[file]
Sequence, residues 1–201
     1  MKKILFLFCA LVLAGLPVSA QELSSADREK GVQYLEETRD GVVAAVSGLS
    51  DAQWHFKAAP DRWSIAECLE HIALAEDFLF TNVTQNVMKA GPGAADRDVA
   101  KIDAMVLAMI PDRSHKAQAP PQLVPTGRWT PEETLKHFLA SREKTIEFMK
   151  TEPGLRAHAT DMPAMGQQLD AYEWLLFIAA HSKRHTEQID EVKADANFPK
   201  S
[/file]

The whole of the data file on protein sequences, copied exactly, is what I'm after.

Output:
Sequence, residues 1–201
     1  MKKILFLFCA LVLAGLPVSA QELSSADREK GVQYLEETRD GVVAAVSGLS
    51  DAQWHFKAAP DRWSIAECLE HIALAEDFLF TNVTQNVMKA GPGAADRDVA
   101  KIDAMVLAMI PDRSHKAQAP PQLVPTGRWT PEETLKHFLA SREKTIEFMK
   151  TEPGLRAHAT DMPAMGQQLD AYEWLLFIAA HSKRHTEQID EVKADANFPK
   201  S